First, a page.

If you want to understand who won this week’s presidential debate, keep in mind a moment from our political past that I call “Stahl’s Epiphany.” During the 1984 presidential campaign, CBS reporter Lesley Stahl put together a tough, unsparing critique of Ronald Reagan, focusing on the disjuncture between Reagan’s image and his policies. There were clips of Reagan celebrating Paralympic athletes and inaugurating a new retirement home, while Stahl revealed that his administration had actually tried to cut funding for disabled people and subsidized housing.

It aired as an almost six-minute segment on the evening news, and Stahl was sure that her White House contacts would be livid. Instead, she got a call from one of Reagan’s aides, Richard Darman, saying, “What a great story! We loved it.” When Stahl expressed puzzlement, Darman explained, “Nobody heard what you said. … You guys in Televisionland haven’t figured it out, have you? When the pictures are powerful and emotional, they override if not completely drown out the sound. Lesley, I mean it, nobody heard you.”

At first, as I was watching the Tuesday debate, I thought President Trump was winning. He was in command, making forceful jabs, controlling the agenda and putting Democratic nominee Joe Biden on the defensive. Biden was rarely able to make his points clearly without interruption. But then I thought of “Stahl’s Epiphany” and re-watched parts of the debate with the sound turned off. It was utterly revealing. Shorn of the words, the images revealed a stark contrast. On the one hand, you saw an elderly gentleman, somewhat faded, occasionally stumbling but showing a big smile and a warm heart. On the other side, you saw a fourth-grade bully, a mean-spirited, snarling man, emotionally out of control. He scowled and smirked his way through the entire 90-minute debate.

I had always thought that “Stahl’s Epiphany” was a sign of television’s weakness. But this debate made me recognize its strength. Cutting through all the noise, it gave the American people a window into the characters of the two men. It highlighted Biden’s greatest strengths and Trump’s gigantic weakness. Forget policies for a moment. Trump is a man of bad character, who has abused people, institutions and norms, always to help himself. And that’s exactly what the images from the debate conveyed.

Post Opinions columnists watched the chaotic first debate between President Donald Trump and former vice president Joe Biden so that you didn't have to. (The Washington Post)

The new revelations from his tax returns only confirm what we have always known about him. As Drew Harwell reported in 2016, the one time Trump ran a publicly traded company, he fleeced the shareholders for his own benefit. He loaded almost $2 billion of personal debts on the company and paid himself tens of millions of dollars, while bankrupting the company and wiping out the shareholders. It might all be legal, but very few CEOs of public companies behave like this. In a complex, civilized society, we cannot treat every conceivable unethical or unsavory action as illegal. Above and beyond laws, there have to be norms.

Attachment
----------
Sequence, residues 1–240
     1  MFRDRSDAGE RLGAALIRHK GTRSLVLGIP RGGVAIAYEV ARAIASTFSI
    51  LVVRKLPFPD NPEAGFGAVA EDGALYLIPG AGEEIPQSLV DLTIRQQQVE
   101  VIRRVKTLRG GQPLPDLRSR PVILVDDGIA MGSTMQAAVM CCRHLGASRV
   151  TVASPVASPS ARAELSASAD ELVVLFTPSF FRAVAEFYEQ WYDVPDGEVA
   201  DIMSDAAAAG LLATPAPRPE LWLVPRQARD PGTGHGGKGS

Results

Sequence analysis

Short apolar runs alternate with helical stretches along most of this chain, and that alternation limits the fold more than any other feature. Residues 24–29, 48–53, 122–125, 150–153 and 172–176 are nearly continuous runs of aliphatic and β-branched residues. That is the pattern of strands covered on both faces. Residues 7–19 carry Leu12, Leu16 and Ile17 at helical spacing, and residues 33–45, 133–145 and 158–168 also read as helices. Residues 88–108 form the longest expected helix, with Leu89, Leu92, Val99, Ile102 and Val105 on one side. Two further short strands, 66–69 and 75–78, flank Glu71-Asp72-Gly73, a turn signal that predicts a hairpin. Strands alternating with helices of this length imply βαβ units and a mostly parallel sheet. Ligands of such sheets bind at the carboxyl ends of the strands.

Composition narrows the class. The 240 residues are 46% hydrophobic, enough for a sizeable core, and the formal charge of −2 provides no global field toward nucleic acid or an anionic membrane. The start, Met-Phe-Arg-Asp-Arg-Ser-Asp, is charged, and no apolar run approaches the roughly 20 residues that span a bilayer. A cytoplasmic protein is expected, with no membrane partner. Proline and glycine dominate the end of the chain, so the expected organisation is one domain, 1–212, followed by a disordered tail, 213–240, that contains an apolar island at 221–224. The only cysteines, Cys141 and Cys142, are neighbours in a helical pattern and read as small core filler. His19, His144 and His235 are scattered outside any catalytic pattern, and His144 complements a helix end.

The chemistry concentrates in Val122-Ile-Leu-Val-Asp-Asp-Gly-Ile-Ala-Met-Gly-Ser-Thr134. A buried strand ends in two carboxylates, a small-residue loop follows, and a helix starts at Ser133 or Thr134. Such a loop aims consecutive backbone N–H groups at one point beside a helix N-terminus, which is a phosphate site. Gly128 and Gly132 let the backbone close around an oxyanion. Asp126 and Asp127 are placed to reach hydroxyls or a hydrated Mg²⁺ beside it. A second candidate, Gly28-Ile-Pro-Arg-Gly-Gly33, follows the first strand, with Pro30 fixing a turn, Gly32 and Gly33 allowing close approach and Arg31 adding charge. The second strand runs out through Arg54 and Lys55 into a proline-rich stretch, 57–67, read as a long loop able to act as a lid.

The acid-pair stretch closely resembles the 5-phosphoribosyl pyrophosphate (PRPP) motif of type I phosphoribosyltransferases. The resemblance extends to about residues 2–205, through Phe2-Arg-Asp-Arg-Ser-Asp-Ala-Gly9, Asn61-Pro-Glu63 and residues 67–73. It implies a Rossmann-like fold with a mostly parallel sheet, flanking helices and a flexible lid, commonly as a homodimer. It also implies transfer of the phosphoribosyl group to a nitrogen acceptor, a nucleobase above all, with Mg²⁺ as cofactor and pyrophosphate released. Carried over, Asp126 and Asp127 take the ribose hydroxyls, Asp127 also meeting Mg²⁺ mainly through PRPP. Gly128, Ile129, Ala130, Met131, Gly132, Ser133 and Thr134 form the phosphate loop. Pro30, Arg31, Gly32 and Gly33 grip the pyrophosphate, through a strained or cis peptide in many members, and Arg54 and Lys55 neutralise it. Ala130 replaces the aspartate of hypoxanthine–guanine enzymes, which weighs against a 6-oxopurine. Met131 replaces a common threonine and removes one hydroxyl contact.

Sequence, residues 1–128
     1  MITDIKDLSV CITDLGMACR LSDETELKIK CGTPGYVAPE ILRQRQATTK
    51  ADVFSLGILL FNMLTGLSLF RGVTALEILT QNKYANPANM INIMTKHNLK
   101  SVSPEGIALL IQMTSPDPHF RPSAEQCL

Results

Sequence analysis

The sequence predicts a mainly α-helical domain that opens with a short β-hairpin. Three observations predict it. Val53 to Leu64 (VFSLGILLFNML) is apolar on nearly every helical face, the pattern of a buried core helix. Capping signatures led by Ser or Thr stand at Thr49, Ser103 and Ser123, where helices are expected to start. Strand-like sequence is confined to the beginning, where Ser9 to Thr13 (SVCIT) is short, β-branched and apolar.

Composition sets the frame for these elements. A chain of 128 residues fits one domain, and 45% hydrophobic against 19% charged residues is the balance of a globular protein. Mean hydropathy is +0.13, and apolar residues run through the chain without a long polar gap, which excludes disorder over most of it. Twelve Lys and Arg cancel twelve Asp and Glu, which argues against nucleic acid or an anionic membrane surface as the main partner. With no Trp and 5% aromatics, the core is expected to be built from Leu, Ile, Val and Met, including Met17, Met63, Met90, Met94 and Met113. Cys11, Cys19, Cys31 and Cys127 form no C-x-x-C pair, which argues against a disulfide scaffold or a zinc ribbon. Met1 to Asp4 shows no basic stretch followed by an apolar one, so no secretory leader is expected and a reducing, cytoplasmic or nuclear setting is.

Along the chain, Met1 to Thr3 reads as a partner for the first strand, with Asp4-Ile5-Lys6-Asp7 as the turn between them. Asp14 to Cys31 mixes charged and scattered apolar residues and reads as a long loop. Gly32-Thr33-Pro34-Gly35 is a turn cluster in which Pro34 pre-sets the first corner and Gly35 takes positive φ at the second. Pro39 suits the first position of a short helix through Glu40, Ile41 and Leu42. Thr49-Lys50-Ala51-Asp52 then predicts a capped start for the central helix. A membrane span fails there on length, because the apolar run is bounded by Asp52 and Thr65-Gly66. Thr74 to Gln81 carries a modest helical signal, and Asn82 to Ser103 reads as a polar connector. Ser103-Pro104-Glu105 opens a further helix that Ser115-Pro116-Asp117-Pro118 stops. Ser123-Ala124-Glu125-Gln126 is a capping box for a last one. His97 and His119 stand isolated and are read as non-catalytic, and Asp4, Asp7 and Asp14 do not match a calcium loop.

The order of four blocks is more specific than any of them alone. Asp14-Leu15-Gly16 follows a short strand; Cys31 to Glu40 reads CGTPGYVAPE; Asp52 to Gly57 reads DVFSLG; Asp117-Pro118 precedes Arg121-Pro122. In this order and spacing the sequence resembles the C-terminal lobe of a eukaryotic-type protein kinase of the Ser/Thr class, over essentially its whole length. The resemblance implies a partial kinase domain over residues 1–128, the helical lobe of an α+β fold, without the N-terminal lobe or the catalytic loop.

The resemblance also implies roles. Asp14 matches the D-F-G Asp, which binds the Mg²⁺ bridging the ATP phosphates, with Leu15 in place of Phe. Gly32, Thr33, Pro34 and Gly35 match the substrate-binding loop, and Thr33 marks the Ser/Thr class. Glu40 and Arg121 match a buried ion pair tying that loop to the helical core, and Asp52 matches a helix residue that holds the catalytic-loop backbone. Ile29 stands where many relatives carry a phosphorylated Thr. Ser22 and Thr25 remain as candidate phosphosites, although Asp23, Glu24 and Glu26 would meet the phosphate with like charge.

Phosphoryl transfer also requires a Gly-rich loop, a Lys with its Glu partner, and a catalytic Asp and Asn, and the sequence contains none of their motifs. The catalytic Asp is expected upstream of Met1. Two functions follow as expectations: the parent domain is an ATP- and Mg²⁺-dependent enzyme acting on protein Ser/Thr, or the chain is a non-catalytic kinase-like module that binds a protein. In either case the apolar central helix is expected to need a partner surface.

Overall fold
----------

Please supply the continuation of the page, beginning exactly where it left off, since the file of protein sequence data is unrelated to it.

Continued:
Democracy cannot function without some adherence to norms. You cannot hold presidential debates if one of the two sides simply refuses to abide by the rules, interrupting constantly, heckling his opponent and contesting everything he says. Trump also does something novel and far more damaging. He lies in a way that no previous candidate has ever done, utterly unconstrained by facts. Republicans have recognized that repealing Obamacare with nothing to replace it is politically unpopular, yet they cannot agree on an alternative. For Trump this poses no problem. He simply asserts that he has an alternative.

Trump has broken so many norms that it is difficult to tabulate them. Far from accepting the opposing party as legitimate, he called for his opponent in the 2016 race to be jailed. He has refused to separate himself from his business interests and, while president, has allowed foreign governments to shower him and his family with gifts in the form of trademarks and hotel revenue. White House officials have openly promoted the business interests of Trump and his family. He has used his power to reward and threaten companies — and, most worrying, to intimidate the free press. At the direction of the White House, several federal agencies have been working to strike at Twitter after the platform’s decision to flag some of his most egregiously false tweets. The use of the awesome powers of the state against political opponents is one of the most troubling signs of authoritarianism.

By every indication, Trump is well behind in this election. We are watching him under pressure. And if things continue to look bleak for him, he will get more desperate, more unethical and more vicious. Let’s hope American democracy can withstand the assault.

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